I’m on the track team at my high school. I sit at the top of the bleachers waiting for my race to start. My teammates don’t see me because I am invisible.
I sit at the lunch table at school with my peers, the table is crowded but they don’t see me, because I am invisible.
Sometimes adults can see me for short periods at a time. But it doesn’t last long. Bit-by-bit after several minutes I fade away right in front of their eyes and they don’t even notice. I am invisible. My mom is the only one who can see me all the time.
I could be a superhero with the power of invisibility and I could save the world. I could do it you know.
Most of the time I don’t mind being invisible. When you are invisible people can’t expect things from you. They can’t tease or insult you. Most of the time I like it.
My Mom’s the one who doesn’t like my superpower. I think it hurts her. I think she thinks that my superpower makes me lonely. While sometimes this is true, I for the most part am not. I have my computer, my TV, and my stuffed animals. I have a friend named Allie who hangs out with me during the week.
When you are invisible you have your very own world. You can wear what you want, talk and sing to yourself in public (when you do this you become even more invisible). You can do what you want and no one even cares.
I wish I could make my Mom see that it’s okay to be invisible. That it doesn’t hurt me. That it’s a shield I use to protect myself. It’s a place of comfort and familiarity for me. I want my Mom to see that even though I am alone and invisible. I am not lonely.
Sometimes my Mom takes me to be with others, who are invisible like me. We have fun, we can be goofy and silly. Here in this group of invisible people, we all are equal. No one is judged. Here in this place everyone thinks I am smart and funny. This is the only time that adults can see me for an extended amount of time.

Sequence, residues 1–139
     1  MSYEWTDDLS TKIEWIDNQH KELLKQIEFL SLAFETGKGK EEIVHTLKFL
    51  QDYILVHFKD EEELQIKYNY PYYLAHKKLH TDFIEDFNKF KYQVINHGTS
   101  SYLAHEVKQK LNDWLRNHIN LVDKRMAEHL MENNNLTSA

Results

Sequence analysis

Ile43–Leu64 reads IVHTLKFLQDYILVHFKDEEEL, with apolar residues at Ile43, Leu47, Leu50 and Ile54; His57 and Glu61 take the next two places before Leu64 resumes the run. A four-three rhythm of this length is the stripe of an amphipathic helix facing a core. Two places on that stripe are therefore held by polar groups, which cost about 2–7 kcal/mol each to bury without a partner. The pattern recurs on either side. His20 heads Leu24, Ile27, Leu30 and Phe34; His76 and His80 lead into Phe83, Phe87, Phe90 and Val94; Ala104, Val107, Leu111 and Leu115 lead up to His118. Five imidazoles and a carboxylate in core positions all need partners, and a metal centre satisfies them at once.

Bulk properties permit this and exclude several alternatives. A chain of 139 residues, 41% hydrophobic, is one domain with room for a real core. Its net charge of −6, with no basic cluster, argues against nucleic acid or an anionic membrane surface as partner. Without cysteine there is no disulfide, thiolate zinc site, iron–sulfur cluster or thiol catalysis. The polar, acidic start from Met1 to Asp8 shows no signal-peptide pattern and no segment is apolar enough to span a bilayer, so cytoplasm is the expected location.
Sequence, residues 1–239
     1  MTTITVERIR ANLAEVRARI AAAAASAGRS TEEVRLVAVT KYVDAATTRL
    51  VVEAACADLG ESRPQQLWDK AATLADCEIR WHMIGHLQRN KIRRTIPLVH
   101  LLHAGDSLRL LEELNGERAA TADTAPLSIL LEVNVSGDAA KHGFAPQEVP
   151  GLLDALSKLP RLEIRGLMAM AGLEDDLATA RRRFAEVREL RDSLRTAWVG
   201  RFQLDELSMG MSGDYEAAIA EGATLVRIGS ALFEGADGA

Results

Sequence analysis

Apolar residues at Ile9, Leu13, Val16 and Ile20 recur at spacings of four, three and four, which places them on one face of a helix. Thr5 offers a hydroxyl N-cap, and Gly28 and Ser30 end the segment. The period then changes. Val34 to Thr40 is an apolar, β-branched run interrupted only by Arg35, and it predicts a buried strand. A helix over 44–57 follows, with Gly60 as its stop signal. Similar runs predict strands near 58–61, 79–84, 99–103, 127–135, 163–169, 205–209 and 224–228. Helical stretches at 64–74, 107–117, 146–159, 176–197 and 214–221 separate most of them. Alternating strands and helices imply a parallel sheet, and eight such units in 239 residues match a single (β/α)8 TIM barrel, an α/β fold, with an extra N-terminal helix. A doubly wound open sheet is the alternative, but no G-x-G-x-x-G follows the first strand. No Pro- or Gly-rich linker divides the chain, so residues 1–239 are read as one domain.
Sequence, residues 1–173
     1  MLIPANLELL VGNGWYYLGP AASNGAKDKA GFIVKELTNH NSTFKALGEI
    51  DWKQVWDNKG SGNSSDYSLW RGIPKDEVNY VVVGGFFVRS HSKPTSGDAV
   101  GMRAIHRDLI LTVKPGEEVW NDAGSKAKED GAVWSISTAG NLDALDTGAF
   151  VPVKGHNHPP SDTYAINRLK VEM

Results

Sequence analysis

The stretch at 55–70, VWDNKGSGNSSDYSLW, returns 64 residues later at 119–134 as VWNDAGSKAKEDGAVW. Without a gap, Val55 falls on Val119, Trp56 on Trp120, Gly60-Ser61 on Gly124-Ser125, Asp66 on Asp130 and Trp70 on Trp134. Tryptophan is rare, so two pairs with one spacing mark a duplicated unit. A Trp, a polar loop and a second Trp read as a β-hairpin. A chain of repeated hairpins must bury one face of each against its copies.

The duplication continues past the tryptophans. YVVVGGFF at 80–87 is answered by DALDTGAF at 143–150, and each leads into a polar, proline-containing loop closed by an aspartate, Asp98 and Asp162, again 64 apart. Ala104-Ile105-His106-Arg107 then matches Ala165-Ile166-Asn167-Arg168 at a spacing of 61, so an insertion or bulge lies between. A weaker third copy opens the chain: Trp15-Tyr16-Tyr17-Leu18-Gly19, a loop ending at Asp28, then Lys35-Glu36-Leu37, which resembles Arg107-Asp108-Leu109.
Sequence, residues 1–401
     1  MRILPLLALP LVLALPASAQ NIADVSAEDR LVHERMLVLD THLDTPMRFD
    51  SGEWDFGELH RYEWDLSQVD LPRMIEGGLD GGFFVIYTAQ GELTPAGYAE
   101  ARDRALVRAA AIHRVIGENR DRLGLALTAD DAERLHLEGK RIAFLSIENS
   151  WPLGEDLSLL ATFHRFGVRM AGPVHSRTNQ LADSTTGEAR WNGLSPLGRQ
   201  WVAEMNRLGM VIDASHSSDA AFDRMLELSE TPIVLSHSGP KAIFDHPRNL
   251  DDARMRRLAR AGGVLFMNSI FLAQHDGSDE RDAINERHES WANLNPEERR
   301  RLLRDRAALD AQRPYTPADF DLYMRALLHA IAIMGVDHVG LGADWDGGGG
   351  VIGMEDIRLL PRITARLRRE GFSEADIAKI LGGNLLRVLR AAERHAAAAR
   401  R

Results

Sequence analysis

What is this place you might wonder. I’ll tell you so perhaps one day you can come and SEE me. It’s called Special Olympics and for those few hours I can be seen, Friends cheer for me, strangers are proud of me. This is a place of wonder, where there are no limits, only winners.
If you have never been to a Special Olympic event you are missing out. It will transform you, the invisible will be seen and you will wonder why you didn’t come sooner, why you didn’t SEE these super hero’s before. And just by seeing these super hero’s, you become more accepting and understanding about them.
Perhaps you will gain the super power to see the invisible all the time. And this might just change your life, for you see, the invisible are a joyous lot and that joy is infectious. So go grab your pom poms and get yourself to a Special Olympic event and get infected. You will be glad you did!
About Cyndee Hopkins: I am an author and speaker and Mom four kids, the youngest is an Autistic teen age girl. I am also on the board of a private special needs school. I am currently working with Nike to develop a competitive running shoe that doesn't require tying (my daughter has trouble with fine motor skills) Emma runs distance for her high school track and cross country team and of course Special Olympics.